Molina catches both pitchers and eyes

Wednesday, June 9, 2004

ST. LOUIS -- The future arrived on an express train for Yadier Molina.

Mike Matheny's strained right-side muscle stepped up the timetable for the St. Louis Cardinals' 21-year-old prospect, the third of three catching brothers in the major leagues.

Since Matheny was sidelined last week, Molina has gotten the bulk of the playing time. And so far, there have been only raves.

Molina has established immediate rapport with the Cardinals' pitchers, has been solid defensively and is holding his own on offense. To manager Tony La Russa, there are echoes of Albert Pujols' smash debut in 2000.

Pujols was ticketed for a full year in Triple-A before Bobby Bonilla injured his hamstring just before the start of the season. The rest is history: an NL batting title last year and a pair of MVP runner-up finishes the past two seasons.

"It reminds me of Albert," La Russa said of Molina. "I don't know where he's been playing but he plays like he's 30 years old with 10 years in the big leagues."

A good reason might be his family tree. Brothers Bengie and Jose Molina both play for the Anaheim Angels.

"They've talked to me about this game, how this game works," Yadier Molina said. "They've taught me a lot. So, yeah, I feel older than 21 because I'm a lot more comfortable."

Molina's teammates are trying to help ease him into his suddenly pivotal role. So far he's been getting the bulk of the playing time ahead of backup Cody McKay with starts in three of his first four games.

Right-hander Woody Williams encouraged Molina to express his opinion when the two had a mound visit during his last start.

"I'm asking him to see what he feels about what's going on," Williams said. "He pays attention. He's got a bright future ahead of him."

Matheny likely will remain on the 15-day disabled list beyond June 19 -- the first day he can be activated. While sidelined he's invited Molina to join him in videotape sessions, schooling him on hitters' tendencies.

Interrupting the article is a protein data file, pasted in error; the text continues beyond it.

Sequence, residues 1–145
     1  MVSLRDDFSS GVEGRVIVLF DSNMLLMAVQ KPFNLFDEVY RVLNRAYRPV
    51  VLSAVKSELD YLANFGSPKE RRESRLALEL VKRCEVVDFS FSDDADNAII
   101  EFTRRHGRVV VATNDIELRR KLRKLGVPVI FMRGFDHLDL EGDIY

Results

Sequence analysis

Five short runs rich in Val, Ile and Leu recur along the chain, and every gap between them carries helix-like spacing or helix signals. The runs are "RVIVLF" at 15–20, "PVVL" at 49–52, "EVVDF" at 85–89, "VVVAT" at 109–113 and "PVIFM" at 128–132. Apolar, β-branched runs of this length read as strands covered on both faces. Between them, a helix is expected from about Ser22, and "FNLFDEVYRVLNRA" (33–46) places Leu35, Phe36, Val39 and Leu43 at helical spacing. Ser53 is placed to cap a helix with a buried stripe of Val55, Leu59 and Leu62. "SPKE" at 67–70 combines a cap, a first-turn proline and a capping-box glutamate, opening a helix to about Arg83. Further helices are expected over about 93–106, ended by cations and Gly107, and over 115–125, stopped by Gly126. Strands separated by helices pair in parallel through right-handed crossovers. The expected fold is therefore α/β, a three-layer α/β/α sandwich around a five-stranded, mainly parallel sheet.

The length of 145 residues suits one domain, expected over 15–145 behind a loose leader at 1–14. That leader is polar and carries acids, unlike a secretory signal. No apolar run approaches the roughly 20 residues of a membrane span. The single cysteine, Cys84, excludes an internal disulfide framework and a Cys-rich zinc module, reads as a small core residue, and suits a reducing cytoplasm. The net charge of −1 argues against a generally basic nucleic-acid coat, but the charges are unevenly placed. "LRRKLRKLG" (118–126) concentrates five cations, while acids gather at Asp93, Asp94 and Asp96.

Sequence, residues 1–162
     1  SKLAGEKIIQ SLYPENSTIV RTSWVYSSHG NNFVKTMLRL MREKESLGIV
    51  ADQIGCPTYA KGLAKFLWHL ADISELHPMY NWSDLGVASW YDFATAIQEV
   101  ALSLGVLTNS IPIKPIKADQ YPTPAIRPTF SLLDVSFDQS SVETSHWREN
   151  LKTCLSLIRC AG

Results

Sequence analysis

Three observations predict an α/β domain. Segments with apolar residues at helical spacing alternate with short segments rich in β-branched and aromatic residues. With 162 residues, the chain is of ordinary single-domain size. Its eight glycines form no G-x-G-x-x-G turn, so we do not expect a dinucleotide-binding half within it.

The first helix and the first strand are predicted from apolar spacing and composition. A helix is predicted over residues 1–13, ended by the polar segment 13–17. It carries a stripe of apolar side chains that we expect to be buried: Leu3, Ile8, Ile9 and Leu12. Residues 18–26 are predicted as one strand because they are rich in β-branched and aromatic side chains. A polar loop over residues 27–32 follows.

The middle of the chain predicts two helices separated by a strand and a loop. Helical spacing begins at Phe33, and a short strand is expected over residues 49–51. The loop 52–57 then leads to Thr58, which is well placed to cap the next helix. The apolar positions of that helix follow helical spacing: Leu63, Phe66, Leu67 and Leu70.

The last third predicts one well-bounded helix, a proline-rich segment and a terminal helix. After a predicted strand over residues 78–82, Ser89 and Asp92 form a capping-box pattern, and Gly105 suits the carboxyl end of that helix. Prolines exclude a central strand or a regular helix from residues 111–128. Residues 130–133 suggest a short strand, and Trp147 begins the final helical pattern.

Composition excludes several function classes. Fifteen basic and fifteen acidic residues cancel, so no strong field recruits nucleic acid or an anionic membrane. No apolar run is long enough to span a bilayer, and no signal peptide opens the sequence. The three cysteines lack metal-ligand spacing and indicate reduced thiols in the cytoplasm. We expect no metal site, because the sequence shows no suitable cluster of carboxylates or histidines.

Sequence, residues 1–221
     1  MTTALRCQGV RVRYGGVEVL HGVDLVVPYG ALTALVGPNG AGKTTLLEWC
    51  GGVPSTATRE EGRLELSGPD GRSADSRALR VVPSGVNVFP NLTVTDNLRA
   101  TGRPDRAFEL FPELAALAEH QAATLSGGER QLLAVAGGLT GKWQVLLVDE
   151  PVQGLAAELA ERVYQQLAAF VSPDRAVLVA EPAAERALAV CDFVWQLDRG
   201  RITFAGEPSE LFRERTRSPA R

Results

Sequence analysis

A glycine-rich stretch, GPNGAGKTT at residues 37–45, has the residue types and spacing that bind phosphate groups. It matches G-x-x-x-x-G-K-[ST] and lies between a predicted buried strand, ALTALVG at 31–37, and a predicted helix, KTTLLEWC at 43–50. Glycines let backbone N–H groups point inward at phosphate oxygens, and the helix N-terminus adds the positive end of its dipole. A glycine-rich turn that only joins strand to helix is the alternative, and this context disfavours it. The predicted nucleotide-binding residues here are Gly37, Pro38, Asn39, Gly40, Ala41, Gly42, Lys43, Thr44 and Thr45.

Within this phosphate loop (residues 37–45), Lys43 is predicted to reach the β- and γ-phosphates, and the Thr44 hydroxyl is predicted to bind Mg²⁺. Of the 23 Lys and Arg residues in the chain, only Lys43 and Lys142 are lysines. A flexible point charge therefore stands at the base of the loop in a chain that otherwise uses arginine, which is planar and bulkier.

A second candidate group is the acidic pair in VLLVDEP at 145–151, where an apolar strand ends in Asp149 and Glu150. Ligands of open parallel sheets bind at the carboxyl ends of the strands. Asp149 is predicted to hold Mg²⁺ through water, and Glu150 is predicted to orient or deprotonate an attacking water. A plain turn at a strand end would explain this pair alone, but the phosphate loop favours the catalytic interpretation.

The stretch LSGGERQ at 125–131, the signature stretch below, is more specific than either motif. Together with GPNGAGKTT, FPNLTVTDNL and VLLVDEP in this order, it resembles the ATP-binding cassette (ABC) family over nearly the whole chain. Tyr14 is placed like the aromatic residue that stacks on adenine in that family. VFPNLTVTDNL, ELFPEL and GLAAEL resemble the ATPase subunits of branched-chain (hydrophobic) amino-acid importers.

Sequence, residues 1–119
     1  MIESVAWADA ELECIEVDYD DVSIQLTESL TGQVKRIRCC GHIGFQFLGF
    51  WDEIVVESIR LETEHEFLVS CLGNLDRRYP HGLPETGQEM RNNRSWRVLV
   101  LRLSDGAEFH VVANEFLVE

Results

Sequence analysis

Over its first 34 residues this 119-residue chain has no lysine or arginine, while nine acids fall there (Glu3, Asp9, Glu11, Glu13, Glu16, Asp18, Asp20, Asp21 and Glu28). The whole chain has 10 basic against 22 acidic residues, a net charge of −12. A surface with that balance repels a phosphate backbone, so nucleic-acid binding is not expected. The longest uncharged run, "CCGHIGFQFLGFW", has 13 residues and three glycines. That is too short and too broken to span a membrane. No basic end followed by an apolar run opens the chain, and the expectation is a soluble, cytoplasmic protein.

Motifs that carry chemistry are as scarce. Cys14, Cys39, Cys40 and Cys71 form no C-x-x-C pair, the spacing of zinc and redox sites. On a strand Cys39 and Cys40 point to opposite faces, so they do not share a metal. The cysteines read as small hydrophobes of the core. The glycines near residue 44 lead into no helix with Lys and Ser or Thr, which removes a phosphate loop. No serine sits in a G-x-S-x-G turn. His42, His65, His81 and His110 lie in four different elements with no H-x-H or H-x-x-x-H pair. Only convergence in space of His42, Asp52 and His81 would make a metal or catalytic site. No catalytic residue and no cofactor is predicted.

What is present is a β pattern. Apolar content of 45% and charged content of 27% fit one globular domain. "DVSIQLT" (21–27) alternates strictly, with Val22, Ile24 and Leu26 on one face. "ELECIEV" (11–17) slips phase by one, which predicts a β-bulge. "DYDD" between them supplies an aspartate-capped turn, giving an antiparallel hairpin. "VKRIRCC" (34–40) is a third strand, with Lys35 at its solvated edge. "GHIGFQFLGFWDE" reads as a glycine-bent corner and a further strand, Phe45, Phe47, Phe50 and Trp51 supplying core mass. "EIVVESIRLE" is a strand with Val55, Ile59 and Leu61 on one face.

"He's got a great sense, so it's not like he'd be lost if I wasn't doing these things," Matheny said. "But I think it will make it a little bit easier for him and the pitchers."

Right-hander Matt Morris noted that Molina seems to have a rapid learning curve.

"I know he can throw and I know he can block, but I've never been with him enough to call a game, and these are hitters he doesn't really know," Morris said. "By the first time through he was able to realize what kind of swings they were taking on certain pitches, and he made adjustments."

The Cardinals have considered Molina, who turns 22 next month, the catcher of the future for a long time. They took him in the fourth round of the 2000 draft, and his offense has been catching up to his solid defensive skills since then.

This year, he was showing off the entire package at Triple-A Memphis. When Matheny was injured, Molina was batting .310 with a home run and 14 RBIs and a .444 batting average with runners in scoring position in 36 games in the minors.

That's all a plus. But it's not what earned him the callup.

"If he was hitting .100 he'd have been the guy because he really thinks and throws well," La Russa said.

Defensively, he threw out 17 of 28 runners attempting to steal.

With the Cardinals, it's been more of the same. He was 2-for-4 in his debut at Pittsburgh with a double and a run scored. He got his first career RBI on Saturday night, when he also threw out a runner trying to steal.

"For a young guy, he really plays with a lot of savvy," La Russa said. "I wasn't sure how he was going to be in his first major-league game, but I think nobody was really surprised. Just impressed."

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